Each of you, in your individual role as Minister of Foreign Affairs, Environment, or Trade, is responsible for being able to give an overview/description of the issues in your area of expertise that will provide background on what you need to know to make good decisions in the negotiations. It is important is that you have a sense of what you consider to be the most important issues to discuss, and why. This means that your analysis of current issues is important, and that you cannot just identify issues/problems but must address why and how they are important.
We are going to do two concept mapping exercises, first considering your country, and then considering your role. On your concept map, you'll start mapping out what you already know AND what questions you have/what you think you will need to know in order to play your role effectively. As you map it out, pay particular attention to these areas:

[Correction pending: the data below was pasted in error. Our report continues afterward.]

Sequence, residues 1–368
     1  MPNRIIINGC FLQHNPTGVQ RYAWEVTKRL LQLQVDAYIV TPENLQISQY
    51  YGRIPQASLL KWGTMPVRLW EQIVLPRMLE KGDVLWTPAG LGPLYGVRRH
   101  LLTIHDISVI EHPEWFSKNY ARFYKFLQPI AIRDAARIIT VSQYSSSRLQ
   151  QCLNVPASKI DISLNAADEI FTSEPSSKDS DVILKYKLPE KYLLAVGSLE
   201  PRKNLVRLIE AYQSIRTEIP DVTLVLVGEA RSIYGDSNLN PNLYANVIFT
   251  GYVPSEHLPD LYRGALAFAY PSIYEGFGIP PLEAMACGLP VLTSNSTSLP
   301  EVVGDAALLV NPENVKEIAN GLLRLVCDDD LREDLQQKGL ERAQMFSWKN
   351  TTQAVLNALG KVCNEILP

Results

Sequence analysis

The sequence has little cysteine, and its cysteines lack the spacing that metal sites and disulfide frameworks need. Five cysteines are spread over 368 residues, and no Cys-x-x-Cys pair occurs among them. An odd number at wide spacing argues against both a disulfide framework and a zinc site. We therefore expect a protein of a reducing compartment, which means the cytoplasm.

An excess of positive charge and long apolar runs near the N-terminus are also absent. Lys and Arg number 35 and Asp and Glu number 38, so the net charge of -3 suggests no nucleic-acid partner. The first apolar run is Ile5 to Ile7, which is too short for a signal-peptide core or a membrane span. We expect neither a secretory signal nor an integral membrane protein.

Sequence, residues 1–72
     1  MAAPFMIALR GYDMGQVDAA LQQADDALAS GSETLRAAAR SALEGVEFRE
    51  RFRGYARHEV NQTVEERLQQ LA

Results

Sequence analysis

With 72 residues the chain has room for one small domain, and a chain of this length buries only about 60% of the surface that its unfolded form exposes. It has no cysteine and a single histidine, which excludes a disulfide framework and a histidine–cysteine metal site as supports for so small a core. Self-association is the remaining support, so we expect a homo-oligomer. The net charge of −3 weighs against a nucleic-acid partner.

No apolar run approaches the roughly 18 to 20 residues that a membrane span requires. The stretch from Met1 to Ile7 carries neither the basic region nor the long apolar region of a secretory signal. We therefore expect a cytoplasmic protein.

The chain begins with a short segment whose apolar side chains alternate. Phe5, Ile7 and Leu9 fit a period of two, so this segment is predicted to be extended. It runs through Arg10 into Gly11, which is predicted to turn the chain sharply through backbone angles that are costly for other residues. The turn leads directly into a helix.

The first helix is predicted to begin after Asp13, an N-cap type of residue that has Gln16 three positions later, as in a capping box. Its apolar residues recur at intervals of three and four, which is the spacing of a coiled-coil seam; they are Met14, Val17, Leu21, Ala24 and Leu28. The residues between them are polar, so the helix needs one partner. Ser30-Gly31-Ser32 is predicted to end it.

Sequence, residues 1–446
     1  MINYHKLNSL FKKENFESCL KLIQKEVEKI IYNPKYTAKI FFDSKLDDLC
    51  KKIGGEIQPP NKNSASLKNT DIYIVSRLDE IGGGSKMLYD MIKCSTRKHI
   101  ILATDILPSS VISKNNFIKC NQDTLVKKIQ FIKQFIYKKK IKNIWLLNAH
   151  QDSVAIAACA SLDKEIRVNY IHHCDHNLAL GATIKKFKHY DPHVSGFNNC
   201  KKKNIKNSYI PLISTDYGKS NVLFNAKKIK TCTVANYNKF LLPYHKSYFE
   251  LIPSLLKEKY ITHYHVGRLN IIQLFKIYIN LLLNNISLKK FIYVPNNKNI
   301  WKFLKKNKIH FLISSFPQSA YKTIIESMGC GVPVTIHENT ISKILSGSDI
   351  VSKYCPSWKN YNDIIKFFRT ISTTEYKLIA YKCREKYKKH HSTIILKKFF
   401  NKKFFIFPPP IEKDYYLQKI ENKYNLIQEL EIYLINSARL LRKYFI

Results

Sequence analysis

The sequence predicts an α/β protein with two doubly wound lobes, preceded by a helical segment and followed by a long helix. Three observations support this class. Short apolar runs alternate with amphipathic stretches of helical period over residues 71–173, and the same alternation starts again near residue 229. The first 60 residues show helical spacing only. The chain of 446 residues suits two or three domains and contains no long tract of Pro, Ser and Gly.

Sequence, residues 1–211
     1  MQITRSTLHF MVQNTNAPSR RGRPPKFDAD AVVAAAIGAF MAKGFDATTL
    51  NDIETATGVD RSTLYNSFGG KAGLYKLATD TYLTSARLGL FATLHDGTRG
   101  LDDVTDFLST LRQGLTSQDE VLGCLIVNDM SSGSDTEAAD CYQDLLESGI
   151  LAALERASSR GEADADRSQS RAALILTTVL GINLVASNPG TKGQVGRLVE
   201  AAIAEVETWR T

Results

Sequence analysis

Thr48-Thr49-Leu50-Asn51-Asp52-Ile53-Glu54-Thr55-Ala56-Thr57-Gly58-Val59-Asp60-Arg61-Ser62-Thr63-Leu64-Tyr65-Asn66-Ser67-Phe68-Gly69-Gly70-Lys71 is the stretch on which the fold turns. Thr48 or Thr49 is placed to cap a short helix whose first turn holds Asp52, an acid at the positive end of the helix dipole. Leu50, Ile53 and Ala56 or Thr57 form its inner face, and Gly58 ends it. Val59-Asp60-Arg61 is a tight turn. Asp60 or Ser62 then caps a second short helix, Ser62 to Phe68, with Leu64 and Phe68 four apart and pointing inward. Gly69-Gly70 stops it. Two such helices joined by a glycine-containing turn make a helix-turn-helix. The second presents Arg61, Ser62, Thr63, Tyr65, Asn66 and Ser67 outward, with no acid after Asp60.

After you've started thinking through some of the various aspects of your issue, consider how you will find and access the conversations happening about the issue that you've chosen. Who do you think are the academic voices in this conversation? What type of researcher is likely to be writing about this issue? Who are the non-academic voices in this conversation? Where can you look to follow THOSE conversations?
Tracking & Sharing Sources
It's critical that you keep track of your sources, both for your own purposes of creating accurate citations, and also to be able to effectively share resources with your team. Consider: